Today we can not go too far within the world of wellness without running into the whole “be happy” lifestyle exercises. It is absolutely true that being happy will produce a better outcome to situations we find ourselves. Being happy is probably the goal of life after all. But the big question behind that is “What is happy?”
What does it mean to be happy?
As an alcoholic, I know I used to define being happy as being drunk. Was that true? I would argue that, yes, it was true at the time. Allowing myself to be “happy” at that time allowed me to get sober all those years ago and continue to be happy by growing and changing day after day.
There was a time, while I was still drinking, that I was not happy being drunk but I still defined myself as a drinker. This was a pivotal part of my development. I also went through this years later as a smoker. In both instances, I was proceeding to do something I did not want to be doing any longer. I knew I did not want to do it.
I continued to define myself as someone who was both a smoker and drinker even though I knew I did not want to continue being those things. I was reluctant to accept my need to take action and allow a natural change to occur. We can call this addiction, but really it was fear. Yes, I am an addict and I have struggled with that all my life and still do, but what I struggle with most is fear. Fear to accept more responsibility for myself and my world.
When I was faced with no longer drinking or smoking, those are just two of a myriad of examples I can give, I was afraid to redefine myself as a person who did not do those things. The reality was that I had already changed, it was obvious inside of me because there was sadness, anger and frustration. I continued to attempt to “be happy” by continuing to drink, which was how I had previously defined being happy. This is an obvious example, most of our growth and shifting happiness will not be so dramatic. In the cases of my drinking and smoking, I was not happy doing these activities. I was attempting to justify old definitions of myself by engaging in these things with the goal of finding what was no longer there. For alcohol, it took almost five years to learn and change, many years later with cigarettes, I smoked for a year without gaining a moment of joy before finally quitting.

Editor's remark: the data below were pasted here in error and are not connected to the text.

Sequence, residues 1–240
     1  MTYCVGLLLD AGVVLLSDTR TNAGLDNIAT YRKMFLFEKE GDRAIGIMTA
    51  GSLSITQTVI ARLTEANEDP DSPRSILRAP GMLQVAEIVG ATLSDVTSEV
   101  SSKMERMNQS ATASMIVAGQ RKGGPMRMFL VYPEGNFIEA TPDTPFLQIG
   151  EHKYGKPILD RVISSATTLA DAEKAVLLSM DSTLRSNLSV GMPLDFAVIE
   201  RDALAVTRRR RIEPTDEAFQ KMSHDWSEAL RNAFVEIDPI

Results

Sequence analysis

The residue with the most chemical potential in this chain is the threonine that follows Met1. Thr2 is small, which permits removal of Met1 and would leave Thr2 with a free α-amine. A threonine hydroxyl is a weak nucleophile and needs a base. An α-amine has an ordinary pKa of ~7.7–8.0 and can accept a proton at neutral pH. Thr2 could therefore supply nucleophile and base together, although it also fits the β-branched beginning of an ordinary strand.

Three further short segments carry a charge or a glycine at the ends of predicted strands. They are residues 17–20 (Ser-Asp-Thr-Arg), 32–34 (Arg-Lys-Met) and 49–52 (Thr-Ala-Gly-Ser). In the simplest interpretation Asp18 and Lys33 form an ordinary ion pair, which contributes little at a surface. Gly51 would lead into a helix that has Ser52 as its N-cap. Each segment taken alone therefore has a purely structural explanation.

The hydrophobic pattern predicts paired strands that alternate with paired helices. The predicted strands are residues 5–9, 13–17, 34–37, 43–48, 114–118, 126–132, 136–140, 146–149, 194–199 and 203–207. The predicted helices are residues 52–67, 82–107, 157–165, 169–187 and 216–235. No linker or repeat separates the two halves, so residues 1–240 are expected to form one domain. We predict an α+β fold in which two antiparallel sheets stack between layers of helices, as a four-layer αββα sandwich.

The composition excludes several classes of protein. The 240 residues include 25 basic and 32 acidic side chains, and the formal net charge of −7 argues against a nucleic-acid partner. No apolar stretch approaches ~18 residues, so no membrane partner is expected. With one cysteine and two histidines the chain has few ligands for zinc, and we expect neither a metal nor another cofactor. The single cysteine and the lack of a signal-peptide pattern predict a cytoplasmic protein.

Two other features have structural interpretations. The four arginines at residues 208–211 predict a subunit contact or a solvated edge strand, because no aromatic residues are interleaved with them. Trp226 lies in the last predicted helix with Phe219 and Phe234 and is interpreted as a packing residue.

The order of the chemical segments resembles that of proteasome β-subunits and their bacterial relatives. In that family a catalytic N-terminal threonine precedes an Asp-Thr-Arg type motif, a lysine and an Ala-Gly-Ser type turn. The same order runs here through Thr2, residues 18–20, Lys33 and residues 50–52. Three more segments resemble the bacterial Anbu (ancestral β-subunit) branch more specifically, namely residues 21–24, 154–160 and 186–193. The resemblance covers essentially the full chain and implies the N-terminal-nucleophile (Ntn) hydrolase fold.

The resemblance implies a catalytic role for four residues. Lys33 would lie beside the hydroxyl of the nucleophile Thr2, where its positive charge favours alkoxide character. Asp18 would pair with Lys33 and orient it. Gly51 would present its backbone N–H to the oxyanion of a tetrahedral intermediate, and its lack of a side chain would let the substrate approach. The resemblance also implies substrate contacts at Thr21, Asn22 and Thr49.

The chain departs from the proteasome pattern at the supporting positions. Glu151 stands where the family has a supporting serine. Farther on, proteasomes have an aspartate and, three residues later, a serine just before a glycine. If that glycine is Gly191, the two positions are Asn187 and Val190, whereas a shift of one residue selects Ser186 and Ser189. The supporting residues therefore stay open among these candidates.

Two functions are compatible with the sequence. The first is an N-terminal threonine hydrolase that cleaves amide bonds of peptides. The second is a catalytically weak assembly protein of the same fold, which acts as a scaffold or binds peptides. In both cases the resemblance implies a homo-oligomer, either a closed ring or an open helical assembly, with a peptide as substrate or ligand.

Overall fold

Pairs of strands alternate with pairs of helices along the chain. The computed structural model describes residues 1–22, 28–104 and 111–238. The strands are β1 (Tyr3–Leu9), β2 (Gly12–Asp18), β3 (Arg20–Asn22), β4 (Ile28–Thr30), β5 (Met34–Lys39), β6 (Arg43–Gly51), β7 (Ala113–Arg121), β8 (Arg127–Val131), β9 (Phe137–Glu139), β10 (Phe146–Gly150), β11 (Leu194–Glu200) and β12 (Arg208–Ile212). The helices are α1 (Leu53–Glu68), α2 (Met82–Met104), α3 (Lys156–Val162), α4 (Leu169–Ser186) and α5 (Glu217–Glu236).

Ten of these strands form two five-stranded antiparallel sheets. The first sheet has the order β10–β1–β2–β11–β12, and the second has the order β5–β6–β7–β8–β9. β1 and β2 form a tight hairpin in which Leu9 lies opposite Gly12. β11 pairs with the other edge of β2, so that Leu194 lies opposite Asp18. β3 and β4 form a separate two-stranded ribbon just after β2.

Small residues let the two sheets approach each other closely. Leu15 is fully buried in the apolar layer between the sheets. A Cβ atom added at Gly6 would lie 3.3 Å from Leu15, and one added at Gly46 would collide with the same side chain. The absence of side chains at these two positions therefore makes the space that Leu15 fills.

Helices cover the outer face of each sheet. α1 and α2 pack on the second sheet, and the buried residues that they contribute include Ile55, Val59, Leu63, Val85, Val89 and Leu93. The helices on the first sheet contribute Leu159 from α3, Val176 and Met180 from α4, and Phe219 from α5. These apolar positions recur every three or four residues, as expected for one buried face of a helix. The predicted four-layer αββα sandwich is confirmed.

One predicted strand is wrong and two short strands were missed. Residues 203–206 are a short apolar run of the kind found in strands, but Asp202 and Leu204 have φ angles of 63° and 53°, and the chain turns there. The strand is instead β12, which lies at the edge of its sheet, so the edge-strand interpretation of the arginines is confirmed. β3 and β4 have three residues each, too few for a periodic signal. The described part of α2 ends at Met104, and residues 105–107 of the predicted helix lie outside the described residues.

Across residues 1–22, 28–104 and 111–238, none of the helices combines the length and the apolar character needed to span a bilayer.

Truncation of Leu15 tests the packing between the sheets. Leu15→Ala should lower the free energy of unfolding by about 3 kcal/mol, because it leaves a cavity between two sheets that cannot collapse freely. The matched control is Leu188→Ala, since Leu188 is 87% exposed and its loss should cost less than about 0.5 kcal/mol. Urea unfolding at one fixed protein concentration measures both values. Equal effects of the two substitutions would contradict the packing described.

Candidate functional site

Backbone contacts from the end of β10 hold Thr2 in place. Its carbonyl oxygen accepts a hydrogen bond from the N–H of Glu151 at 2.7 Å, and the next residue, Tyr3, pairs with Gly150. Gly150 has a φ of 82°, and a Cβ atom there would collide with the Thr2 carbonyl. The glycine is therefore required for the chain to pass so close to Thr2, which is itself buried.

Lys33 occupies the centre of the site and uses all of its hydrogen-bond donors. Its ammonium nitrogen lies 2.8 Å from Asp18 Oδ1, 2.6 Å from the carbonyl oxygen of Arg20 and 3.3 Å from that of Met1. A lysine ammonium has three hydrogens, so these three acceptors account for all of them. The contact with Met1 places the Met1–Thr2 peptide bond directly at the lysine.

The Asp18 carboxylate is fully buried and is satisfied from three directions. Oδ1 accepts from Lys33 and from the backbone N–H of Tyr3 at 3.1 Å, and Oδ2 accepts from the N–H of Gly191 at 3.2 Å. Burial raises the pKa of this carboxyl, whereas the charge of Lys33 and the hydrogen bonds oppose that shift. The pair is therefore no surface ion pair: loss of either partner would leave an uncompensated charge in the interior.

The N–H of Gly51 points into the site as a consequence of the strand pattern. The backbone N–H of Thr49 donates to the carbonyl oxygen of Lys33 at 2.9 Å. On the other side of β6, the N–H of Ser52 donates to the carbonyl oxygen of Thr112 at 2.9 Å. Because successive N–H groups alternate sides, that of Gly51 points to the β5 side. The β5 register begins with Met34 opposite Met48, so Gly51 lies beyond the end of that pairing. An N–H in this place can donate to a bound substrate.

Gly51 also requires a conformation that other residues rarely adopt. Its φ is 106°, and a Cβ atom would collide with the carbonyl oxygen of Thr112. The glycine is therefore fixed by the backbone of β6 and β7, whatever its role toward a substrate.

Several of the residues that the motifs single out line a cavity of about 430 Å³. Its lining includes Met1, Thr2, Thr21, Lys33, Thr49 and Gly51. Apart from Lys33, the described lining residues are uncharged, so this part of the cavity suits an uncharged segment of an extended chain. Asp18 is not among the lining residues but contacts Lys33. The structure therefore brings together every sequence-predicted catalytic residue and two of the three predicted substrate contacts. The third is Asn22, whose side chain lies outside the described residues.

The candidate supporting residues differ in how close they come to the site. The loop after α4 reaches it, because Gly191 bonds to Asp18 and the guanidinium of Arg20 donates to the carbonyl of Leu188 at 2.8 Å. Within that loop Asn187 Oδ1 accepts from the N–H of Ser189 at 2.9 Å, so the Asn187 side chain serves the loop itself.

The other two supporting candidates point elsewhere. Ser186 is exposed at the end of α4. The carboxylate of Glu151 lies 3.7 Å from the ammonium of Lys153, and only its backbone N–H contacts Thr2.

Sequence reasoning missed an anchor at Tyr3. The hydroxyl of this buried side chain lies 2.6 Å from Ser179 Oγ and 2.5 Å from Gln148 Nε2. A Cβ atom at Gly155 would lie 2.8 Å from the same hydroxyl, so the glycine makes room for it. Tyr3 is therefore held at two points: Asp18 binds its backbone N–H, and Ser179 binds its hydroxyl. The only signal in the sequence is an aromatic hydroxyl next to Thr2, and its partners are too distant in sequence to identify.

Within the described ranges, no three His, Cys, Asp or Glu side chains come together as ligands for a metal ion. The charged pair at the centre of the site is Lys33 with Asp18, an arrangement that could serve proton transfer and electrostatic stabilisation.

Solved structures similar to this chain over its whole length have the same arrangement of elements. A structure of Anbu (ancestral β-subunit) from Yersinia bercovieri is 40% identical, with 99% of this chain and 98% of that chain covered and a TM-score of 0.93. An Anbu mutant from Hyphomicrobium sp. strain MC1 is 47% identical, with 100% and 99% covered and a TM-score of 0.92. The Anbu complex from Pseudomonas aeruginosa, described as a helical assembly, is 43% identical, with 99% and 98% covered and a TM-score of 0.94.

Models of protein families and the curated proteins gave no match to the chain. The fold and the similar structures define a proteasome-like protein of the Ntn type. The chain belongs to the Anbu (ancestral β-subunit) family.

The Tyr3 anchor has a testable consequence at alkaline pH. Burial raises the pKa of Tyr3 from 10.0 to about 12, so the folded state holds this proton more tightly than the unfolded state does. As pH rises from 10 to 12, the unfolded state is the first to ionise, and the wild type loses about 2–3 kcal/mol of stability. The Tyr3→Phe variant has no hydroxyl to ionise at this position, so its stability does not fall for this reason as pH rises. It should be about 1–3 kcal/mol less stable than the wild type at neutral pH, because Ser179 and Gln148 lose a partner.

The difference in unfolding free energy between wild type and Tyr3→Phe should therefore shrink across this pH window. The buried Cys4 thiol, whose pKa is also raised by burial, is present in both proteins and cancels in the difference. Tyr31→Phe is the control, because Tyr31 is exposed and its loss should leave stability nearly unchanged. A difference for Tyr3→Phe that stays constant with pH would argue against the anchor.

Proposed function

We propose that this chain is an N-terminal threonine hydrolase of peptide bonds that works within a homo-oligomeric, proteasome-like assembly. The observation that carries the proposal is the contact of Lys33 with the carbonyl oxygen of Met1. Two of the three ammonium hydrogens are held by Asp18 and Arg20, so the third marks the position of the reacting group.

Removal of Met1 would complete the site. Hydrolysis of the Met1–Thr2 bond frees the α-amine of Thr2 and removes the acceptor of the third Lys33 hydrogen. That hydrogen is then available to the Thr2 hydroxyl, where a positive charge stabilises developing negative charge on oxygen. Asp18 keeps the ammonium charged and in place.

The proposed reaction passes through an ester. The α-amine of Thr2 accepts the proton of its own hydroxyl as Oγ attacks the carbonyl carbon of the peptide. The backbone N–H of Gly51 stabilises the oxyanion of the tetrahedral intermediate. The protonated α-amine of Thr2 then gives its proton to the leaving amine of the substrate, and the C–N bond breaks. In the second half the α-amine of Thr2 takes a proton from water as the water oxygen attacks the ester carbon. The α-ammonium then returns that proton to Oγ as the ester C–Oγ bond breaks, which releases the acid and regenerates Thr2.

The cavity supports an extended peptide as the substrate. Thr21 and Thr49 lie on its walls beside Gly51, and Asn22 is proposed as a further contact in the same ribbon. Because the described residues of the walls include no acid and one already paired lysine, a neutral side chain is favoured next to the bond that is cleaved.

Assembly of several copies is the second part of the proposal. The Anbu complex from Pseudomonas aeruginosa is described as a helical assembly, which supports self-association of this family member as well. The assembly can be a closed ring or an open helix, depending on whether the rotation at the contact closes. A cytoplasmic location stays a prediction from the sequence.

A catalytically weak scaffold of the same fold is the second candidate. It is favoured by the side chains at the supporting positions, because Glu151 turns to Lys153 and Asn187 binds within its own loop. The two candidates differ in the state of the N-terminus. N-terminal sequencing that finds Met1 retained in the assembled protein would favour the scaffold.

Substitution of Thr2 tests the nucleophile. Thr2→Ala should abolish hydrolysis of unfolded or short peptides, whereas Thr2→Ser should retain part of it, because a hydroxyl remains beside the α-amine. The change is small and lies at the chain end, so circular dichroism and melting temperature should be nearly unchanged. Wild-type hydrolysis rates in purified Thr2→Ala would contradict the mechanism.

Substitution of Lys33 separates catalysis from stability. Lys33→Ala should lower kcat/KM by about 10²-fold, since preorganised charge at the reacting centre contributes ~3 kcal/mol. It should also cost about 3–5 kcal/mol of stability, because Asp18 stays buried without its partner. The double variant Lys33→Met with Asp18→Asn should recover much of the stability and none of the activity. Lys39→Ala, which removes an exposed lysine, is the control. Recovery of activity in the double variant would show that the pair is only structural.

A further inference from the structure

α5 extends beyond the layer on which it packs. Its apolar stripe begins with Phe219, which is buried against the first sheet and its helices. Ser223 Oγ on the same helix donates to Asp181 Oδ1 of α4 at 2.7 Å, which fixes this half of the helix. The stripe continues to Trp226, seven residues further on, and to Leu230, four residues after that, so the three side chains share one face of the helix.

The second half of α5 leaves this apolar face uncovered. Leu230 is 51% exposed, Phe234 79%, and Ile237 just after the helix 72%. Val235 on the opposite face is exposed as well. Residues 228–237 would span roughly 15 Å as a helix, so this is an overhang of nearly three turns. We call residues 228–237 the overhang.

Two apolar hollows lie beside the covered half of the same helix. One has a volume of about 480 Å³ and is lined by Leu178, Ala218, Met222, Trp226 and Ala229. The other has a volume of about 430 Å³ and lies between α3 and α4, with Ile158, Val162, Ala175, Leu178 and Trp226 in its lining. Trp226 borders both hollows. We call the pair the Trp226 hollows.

It was important for me during that time to embrace that I was not happy. I was actually sad and angry at myself every day. Shame, was key to my growth as well. It is not all cut and dry, many paths open themselves up to us through negative thought. Growth is not something that happens without a bit of struggle.
Of course we do not want, or even need, to stay in a state of sadness for long in order to grow, but we may be doing ourselves an enormous disservice by not allowing sadness a voice within our lives.
Sadness, and all the other negative reactions we may be having, is a sign of imbalance which is an opportunity to grow and growing is what we are meant to be doing.
That is all easy. The hard part of this is knowing when we are having a negative emotion, how to embrace it and grow to learn its meaning and what is to be learned. Everyone is different, so there is no simple answer to this. With drugs and alcohol it is easy, these things close you off to the amazing magic you possess, not always while you are using them, sometimes they open you up to the possibilities. But after using, your consciousness will restrict if you do not stretch it properly.
The lessons we as individuals, need to learn lies in our emotions. Happiness or joy have lessons as well, the most important lessons we can learn come from there actually. When what once made us happy no longer brings us bliss there is a learning opportunity, but what we will learn is not in the act, person or thing that once brought us happiness. We have to learn about ourselves, about who we are today and how we have changed.
I am inspired to address relationships here. I have found so many people blame relationships for changing, but it is the people in the relationships that change. That is obvious but we need to also understand that what we are talking about is the relationship is no longer making one or both of the people in it happy. That is the change. Again it is not the relationship that changed and changing the relationship will not bring happiness. Sadness does not exist in the relationship just as sadness did not exist in alcohol for me when I was a drunk. That sadness was in me and I used alcohol to hide from it. I do not think it is a far cry to say that many people use love as a way to hide from their fears.
Relationships can be wonderful when they are unconditional, but that is not something that we see too often. Conditions even exist between parents and their children to such an extent that romantic adult relationships can not be expected to exist without them.
When we find ourselves in a place where we are no longer being made happy by another person the question is not about how they have changed, but why we allowed them to be in control of our happiness at all.
That is the point when we might want to look at what we are not offering ourselves, what we were gaining from the other person. I often find that to be love in general. When we do find ourselves unhappy at those moments the work beings to learn how we can support ourselves better, not in an attempt to not need or embrace our partners or family or neighbors, but to be stronger and give more love to others. When we love ourselves we cannot help but offer others more love.
It is sadness, shame, anger, and all the other emotions that we see today as not being helpful that actually show us how we can love ourselves more. It takes a clear head and responsibility in order to do that.